Scenarios and the planning process of the firm

Every plan is based on an industry scenario in one form or another, though the process is frequently an implicit one. The  use of explicit industry scenarios brings the uncertainty in planning out into the open, and bases strategy on a conscious and complete  understanding  of the likely significance of uncertainty for competition. The resistance to employing scenarios will be greatly mitigated  if they are seen in this light— as nothing  fundamentally  new or arcane.  Industry  scenarios are a useful device for getting a management team involved in thinking about  the future  systematically, and   modifying unrealistic   assumptions in a nonthreatening way because scenarios are not  intended  as forecasts.

Industry scenarios are best developed by business unit managers, with guidance and input from others  in the firm as well as outsiders. This places the task of understanding the effects of uncertainty in the hands of those who must  actually  set competitive strategy, and ensures that scenarios are truly relevant to the business unit. Industry scenarios should be constructed  well into the planning  process, once basic industry, competitor, and value chain analysis has been done. Industry scenarios will be ineffective without a good base of knowledge, and probably should not be introduced  into the planning  systems of firms without  good basic planning  skills. Scenarios are best used to guide the choice of a strategy, rather  than  as a means  of confirming one.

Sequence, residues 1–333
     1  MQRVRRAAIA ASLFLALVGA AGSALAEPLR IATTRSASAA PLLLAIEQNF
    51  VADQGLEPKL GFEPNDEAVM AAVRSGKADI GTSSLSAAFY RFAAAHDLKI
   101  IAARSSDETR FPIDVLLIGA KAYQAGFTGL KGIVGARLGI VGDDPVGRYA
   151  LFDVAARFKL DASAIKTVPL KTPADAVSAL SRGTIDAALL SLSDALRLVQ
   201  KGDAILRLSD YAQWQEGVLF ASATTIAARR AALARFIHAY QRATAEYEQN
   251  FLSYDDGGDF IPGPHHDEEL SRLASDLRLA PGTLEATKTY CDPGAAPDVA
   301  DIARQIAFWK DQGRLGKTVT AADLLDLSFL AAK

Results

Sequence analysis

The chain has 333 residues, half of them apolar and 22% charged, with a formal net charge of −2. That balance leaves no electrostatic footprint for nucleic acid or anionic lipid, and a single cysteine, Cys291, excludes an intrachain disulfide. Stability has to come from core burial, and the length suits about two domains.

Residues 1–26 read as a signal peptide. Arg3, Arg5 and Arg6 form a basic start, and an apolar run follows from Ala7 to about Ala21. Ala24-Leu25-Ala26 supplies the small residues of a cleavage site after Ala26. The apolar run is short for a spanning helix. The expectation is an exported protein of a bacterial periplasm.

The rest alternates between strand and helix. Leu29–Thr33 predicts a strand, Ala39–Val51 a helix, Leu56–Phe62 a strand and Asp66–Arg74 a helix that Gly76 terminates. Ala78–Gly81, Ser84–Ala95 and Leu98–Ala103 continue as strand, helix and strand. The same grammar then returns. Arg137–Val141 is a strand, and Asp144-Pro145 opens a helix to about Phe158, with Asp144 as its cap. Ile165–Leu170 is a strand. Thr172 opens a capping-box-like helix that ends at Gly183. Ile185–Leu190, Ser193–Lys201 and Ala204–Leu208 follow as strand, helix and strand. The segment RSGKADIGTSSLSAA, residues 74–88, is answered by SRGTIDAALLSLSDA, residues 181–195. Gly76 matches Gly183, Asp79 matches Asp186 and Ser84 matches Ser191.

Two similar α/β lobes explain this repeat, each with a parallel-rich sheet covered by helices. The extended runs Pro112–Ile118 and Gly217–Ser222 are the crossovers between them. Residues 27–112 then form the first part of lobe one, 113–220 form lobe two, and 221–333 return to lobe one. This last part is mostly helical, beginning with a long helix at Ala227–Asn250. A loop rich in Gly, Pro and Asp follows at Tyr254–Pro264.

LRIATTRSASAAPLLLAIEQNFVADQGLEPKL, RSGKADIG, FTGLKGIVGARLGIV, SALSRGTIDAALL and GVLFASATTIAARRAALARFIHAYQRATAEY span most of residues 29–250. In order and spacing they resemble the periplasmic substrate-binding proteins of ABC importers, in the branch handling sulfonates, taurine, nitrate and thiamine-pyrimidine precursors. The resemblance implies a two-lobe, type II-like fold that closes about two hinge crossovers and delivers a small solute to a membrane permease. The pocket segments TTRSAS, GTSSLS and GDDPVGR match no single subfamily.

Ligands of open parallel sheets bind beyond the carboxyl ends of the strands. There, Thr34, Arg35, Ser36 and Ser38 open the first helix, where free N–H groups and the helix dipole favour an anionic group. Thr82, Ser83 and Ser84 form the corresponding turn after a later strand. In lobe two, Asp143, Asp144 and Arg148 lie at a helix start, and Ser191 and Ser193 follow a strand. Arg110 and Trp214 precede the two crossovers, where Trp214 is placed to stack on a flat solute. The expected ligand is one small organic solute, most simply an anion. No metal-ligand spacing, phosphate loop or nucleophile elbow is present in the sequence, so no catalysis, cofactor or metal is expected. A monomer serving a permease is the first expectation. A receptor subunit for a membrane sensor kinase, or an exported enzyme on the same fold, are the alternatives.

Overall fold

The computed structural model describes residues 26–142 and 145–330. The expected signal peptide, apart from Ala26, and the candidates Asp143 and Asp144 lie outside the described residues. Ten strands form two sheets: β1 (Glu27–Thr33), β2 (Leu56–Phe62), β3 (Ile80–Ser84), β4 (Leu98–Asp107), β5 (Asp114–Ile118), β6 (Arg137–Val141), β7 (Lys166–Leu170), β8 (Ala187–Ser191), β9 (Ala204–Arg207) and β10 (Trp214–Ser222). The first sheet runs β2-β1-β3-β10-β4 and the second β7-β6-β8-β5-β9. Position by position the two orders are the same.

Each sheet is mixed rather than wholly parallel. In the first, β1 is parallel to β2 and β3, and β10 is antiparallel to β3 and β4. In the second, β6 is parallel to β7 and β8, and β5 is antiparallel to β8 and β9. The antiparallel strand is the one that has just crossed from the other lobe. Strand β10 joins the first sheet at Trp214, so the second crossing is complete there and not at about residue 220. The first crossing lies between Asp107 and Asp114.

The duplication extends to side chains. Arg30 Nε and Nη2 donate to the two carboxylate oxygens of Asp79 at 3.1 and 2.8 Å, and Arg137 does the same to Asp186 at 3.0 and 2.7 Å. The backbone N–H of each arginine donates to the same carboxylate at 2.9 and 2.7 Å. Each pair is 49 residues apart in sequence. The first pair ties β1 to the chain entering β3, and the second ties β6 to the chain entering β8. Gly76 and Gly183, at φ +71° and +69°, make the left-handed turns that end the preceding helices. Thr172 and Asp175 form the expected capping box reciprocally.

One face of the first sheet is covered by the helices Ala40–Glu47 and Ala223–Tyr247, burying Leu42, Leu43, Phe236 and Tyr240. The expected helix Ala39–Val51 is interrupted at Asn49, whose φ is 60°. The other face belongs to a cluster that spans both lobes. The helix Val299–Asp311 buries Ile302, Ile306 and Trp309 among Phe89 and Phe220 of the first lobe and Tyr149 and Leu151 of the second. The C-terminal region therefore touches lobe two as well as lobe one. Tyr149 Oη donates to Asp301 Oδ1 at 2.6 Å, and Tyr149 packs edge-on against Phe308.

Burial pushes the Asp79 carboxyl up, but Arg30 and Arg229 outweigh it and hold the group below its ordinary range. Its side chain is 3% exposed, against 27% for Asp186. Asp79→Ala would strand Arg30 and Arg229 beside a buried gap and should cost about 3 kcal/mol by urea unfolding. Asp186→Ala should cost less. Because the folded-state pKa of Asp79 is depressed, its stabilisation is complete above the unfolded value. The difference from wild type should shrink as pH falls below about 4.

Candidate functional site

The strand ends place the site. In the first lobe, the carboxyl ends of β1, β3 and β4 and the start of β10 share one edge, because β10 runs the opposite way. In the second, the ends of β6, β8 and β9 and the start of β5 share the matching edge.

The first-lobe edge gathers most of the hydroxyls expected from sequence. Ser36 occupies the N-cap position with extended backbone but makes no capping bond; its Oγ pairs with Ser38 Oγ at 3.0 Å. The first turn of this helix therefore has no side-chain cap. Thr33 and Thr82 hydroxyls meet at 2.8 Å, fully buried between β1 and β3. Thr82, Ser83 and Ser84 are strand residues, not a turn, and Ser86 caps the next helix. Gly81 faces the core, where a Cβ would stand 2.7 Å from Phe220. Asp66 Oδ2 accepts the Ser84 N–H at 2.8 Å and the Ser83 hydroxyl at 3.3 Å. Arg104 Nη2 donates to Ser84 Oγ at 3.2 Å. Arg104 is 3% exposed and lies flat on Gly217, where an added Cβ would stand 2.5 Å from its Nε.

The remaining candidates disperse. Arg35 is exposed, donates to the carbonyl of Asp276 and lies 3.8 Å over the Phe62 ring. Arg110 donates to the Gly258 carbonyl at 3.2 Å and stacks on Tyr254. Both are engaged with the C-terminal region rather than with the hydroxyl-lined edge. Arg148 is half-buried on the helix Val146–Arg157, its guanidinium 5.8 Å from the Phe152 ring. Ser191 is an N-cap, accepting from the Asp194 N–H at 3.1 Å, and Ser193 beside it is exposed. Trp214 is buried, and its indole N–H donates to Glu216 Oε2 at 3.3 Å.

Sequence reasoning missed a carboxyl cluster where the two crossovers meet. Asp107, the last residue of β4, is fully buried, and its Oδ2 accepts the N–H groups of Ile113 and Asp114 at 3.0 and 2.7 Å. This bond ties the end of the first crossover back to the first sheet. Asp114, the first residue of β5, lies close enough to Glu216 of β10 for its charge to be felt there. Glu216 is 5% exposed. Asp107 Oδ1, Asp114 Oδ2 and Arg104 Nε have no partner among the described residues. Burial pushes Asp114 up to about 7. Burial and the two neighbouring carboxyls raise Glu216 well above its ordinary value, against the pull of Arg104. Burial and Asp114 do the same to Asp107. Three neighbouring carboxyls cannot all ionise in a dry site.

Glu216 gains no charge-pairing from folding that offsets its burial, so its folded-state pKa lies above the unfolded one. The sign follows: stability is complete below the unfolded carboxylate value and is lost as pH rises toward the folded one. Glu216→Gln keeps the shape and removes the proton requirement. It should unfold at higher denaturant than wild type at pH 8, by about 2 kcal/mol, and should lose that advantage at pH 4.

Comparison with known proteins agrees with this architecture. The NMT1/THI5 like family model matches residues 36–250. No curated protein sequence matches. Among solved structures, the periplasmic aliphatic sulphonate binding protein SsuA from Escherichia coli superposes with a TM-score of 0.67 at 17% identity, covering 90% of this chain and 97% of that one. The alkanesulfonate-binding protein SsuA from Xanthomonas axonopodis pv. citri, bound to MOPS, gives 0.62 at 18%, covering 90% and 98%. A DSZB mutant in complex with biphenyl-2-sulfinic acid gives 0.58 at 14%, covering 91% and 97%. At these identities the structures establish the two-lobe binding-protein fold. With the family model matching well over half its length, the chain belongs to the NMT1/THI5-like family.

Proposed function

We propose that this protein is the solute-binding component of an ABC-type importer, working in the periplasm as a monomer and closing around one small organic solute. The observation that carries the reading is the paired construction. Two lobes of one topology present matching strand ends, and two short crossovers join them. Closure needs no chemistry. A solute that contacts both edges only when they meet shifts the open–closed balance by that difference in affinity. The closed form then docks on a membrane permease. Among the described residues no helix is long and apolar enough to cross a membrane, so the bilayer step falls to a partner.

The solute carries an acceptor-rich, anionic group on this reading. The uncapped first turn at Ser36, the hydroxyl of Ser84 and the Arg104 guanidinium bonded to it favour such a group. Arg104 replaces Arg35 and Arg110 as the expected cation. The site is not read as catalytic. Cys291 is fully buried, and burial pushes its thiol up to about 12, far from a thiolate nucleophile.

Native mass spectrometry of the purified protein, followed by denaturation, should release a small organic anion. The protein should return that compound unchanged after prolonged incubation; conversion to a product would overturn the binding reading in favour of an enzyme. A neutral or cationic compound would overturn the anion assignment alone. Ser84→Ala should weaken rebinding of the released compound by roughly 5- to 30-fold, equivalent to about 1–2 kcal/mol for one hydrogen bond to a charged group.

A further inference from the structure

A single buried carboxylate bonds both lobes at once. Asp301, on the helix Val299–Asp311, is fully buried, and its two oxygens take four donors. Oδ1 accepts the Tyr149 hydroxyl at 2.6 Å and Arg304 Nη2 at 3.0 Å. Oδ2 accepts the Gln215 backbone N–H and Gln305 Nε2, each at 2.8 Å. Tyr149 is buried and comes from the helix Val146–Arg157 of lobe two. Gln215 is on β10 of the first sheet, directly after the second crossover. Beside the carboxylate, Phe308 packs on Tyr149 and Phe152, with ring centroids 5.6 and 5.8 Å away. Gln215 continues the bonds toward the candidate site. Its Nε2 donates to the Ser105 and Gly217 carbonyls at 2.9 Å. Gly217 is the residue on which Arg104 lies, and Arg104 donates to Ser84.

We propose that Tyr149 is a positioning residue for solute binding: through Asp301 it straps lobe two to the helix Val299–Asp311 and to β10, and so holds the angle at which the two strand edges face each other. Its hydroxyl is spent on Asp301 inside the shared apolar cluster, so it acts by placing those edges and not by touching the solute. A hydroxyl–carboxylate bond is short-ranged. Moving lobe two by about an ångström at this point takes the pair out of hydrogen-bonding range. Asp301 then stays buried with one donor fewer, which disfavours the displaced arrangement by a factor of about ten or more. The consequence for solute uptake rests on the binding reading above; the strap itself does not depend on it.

Scenarios are not  needed every year for every business unit. They are necessary only when significant uncertainties  are present in an industry.   However,   constructing  industry  scenarios   irregularly   runs the risk that managers will overlook key uncertainties  in their indus­ tries. Scenarios force a creative search  for possible structural changes. How often scenarios are constructed m ust depend in part on the confi­ dence of top management  in the   objectivity   and   vision   of business unit managers.

An im portant organizational  issue in using industry  scenarios is the relationship between recognizing uncertainty and the level commit­ ment of management to a direction. Scenarios emphasize  the uncer­ tainty present in an industry,  while successful implementation  of strategies is usually more  effective if there  is widespread  commitment to the chosen strategy within an organization.  This suggests that  sce­ narios should be constructed  by the management team of a business unit, but  only   the   chosen   strategy   should  be   widely   communicated in the organization. Organizations can only cope with so much uncer­ tainty and ambiguity.